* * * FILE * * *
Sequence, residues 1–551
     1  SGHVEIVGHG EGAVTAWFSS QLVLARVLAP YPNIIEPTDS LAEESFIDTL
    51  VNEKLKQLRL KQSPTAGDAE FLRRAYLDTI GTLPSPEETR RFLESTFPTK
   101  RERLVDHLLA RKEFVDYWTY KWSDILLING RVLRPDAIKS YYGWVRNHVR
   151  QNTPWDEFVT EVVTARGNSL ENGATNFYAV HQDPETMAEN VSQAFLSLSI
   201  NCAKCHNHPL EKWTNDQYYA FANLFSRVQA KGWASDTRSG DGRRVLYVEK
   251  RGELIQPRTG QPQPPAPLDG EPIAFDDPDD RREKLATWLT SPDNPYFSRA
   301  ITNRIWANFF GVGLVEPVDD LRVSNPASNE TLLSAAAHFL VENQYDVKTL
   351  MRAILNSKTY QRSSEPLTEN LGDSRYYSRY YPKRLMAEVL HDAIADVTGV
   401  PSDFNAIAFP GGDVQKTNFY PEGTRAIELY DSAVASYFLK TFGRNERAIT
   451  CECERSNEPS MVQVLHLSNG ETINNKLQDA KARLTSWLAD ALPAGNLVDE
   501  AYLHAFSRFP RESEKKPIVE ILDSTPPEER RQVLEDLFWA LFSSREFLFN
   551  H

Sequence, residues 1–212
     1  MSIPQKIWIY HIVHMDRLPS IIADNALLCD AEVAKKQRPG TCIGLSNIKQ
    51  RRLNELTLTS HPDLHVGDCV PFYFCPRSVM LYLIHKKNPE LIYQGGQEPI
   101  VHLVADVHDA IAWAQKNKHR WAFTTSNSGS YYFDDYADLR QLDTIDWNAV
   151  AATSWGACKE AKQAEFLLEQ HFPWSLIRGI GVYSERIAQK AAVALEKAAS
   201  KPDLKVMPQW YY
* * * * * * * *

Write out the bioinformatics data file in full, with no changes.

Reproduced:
Sequence, residues 1–551
     1  SGHVEIVGHG EGAVTAWFSS QLVLARVLAP YPNIIEPTDS LAEESFIDTL
    51  VNEKLKQLRL KQSPTAGDAE FLRRAYLDTI GTLPSPEETR RFLESTFPTK
   101  RERLVDHLLA RKEFVDYWTY KWSDILLING RVLRPDAIKS YYGWVRNHVR
   151  QNTPWDEFVT EVVTARGNSL ENGATNFYAV HQDPETMAEN VSQAFLSLSI
   201  NCAKCHNHPL EKWTNDQYYA FANLFSRVQA KGWASDTRSG DGRRVLYVEK
   251  RGELIQPRTG QPQPPAPLDG EPIAFDDPDD RREKLATWLT SPDNPYFSRA
   301  ITNRIWANFF GVGLVEPVDD LRVSNPASNE TLLSAAAHFL VENQYDVKTL
   351  MRAILNSKTY QRSSEPLTEN LGDSRYYSRY YPKRLMAEVL HDAIADVTGV
   401  PSDFNAIAFP GGDVQKTNFY PEGTRAIELY DSAVASYFLK TFGRNERAIT
   451  CECERSNEPS MVQVLHLSNG ETINNKLQDA KARLTSWLAD ALPAGNLVDE
   501  AYLHAFSRFP RESEKKPIVE ILDSTPPEER RQVLEDLFWA LFSSREFLFN
   551  H

Sequence, residues 1–212
     1  MSIPQKIWIY HIVHMDRLPS IIADNALLCD AEVAKKQRPG TCIGLSNIKQ
    51  RRLNELTLTS HPDLHVGDCV PFYFCPRSVM LYLIHKKNPE LIYQGGQEPI
   101  VHLVADVHDA IAWAQKNKHR WAFTTSNSGS YYFDDYADLR QLDTIDWNAV
   151  AATSWGACKE AKQAEFLLEQ HFPWSLIRGI GVYSERIAQK AAVALEKAAS
   201  KPDLKVMPQW YY